Field hockey continues to grow in the Lowcountry
She might one day be remembered as the Joan Appleseed of field hockey in the Lowcountry.
When Andrea Dussault moved from Connecticut to Daniel Island in 2015, she left behind her heavy winter clothing. But she packed her passions, and among them was field hockey, a sport she played up north and in college.
While John Chapman, aka as Johnny Appleseed, introduced apple trees to large parts of Ohio, Illinois, Indiana and Canada, Dussault’s mission was more southerly. She introduced field hockey to Daniel Island youths and the frontier has expanded to Bishop England High School.
About 10 players bought into the program the first year, and Dussault also tracked down coaches, officials and other supporters who had the potential to grow the sport.
Five years later, field hockey is still blossoming with heavy growth in the Mount Pleasant/East Cooper area. Dussault’s dream is to offer a sport for young women to help them grow confidence and teach discipline.
Looking back, she admits it might have been a bigger challenge than expected.
“When we moved to Charleston, we were very surprised to learn that there was no field hockey here, especially since there are so many strong collegiate teams in neighboring North Carolina,” Dussault said. “My daughter, Olivia, and I initially thought to start a small clinic here on Daniel Island for middle school aged students and spread the word through her classmates and in the local paper. Being new to the area, we didn’t really know too many people, but we were able to get a dozen girls out there that first year. Our biggest obstacle has been introducing a brand new sport to the Charleston area, where people are unfamiliar with the sport. Luckily, we have a lot of talented athletes here who love to be outside and try new sports, so the response has been great.”
The local push developed from youth clinics to high school competition and now is known as Charleston Field Hockey.
Two years ago, Dussault’s daughter, Olivia, and fellow BE students pushed for the school to approve the team.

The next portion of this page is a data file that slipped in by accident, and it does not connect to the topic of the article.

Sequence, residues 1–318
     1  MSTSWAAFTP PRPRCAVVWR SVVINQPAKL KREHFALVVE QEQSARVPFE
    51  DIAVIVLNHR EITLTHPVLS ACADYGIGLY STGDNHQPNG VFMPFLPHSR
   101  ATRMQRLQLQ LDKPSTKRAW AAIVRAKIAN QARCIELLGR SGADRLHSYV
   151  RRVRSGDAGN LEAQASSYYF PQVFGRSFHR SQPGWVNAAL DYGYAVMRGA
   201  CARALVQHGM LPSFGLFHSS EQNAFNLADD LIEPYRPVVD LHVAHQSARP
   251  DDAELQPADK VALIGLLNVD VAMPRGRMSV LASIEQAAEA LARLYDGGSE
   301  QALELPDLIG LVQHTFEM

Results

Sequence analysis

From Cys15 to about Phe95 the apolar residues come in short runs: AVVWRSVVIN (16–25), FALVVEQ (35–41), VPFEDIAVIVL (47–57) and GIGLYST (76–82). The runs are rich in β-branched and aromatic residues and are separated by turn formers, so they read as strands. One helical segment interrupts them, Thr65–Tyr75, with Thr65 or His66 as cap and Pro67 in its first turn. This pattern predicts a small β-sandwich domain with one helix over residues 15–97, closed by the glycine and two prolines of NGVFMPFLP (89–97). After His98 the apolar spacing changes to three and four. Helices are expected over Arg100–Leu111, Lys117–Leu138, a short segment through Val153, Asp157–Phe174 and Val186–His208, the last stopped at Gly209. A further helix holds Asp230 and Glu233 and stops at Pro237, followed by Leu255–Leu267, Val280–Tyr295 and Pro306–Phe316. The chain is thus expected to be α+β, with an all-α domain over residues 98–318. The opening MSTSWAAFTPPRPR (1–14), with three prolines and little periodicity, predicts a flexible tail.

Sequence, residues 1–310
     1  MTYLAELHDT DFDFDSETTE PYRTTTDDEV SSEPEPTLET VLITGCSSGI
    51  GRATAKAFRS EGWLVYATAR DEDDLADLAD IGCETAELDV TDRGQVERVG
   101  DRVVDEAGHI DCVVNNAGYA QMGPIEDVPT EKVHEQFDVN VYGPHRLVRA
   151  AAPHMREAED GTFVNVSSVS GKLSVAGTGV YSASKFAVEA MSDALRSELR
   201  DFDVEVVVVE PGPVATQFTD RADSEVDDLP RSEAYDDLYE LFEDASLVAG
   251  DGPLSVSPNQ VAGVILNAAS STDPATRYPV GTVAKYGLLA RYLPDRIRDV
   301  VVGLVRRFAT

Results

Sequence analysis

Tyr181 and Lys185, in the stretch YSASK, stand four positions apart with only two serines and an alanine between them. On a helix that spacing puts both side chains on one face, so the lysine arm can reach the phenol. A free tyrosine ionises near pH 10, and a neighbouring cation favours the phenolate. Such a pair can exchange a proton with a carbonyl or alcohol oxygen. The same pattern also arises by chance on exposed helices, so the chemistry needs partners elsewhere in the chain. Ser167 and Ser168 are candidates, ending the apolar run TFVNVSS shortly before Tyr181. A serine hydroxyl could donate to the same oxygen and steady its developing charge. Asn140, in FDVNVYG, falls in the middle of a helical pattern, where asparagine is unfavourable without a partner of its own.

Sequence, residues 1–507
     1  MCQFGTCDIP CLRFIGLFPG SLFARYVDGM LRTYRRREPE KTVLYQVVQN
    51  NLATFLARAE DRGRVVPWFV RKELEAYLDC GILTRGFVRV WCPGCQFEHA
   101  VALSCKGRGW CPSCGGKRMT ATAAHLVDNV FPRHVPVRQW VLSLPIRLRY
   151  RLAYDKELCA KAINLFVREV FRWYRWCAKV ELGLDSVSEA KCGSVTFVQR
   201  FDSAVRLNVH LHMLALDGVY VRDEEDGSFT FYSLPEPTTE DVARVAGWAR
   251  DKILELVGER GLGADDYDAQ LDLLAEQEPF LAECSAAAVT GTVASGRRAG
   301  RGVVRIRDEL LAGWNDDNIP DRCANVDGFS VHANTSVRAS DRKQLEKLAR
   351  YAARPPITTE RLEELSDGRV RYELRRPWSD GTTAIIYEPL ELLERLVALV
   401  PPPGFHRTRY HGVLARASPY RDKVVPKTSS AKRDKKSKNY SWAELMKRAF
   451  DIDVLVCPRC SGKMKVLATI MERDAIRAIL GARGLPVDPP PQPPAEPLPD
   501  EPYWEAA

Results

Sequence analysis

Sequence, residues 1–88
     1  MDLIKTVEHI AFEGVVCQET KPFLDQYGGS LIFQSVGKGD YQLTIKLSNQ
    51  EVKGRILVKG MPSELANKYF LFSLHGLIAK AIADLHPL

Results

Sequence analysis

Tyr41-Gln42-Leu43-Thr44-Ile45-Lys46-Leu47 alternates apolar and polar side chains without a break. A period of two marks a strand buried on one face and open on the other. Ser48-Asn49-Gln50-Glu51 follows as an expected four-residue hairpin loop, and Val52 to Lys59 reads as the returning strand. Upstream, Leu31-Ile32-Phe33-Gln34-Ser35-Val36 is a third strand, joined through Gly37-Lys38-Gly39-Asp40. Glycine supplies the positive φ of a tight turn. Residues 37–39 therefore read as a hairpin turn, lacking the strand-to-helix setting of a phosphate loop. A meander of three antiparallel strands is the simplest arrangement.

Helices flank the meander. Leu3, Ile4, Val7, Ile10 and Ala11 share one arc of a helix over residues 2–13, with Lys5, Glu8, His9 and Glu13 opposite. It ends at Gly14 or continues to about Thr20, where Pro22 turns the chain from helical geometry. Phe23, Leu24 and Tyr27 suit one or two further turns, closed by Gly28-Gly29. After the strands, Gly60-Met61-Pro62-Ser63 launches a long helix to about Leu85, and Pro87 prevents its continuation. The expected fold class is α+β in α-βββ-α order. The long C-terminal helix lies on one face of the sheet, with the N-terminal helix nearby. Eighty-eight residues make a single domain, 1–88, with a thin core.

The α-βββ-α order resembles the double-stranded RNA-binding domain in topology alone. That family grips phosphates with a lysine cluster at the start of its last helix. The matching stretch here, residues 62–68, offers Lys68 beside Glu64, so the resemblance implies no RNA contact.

Now, the mission is to keep the sport growing.
“Over the past four years, CFH has experienced a very positive growth trend, which we hope to continue,” Dussault said. “In the past year alone, we have doubled in size and believe we will double again this upcoming fall. We have gained momentum among all age levels, but have seen our largest numbers among the high school level. In Bishop England’s second season as a school club team, we currently have 55 players on the team. Many of them are brand new to the sport, and some have relocated here from other areas of the country where they previously played. It has been so great to watch these young women learn the sport and encourage each other. Wando has just also approved a club team and we are so excited to help them get up and running! We hope to include some additional high schools next year, and we are also looking into some afterschool enrichment programs at some of the local elementary and middle schools.”
Either way, field hockey has provided life skills for Dussault and she hopes other young women can reap the benefits of this sport.
“Physically, field hockey is a very intense, fast game, where athletes can develop physical fitness, cardio, and incredible technical and strategic skills,” Dussault said. “However, aside from the tangible skills that the sport offers, it is the intangible skills that I learned from the game as a youngster that have made me who I am and have fueled my continued love and passion for the sport. Field hockey is all about grit and hustle, and never giving up. It’s also about empowering each player to make good decisions on and off the field, and carrying a level of discipline and commitment as a member of a team. Having respect for yourself, your teammates, your coaches, and your opponents builds strong character and encourages good sportsmanship. Above all, field hockey taught me how to be a leader on and off the field, and to apply these skills to all aspects of my life. It is my goal to empower all of our players to get a taste of these important life skills as they grow into future citizens of our community and the world.”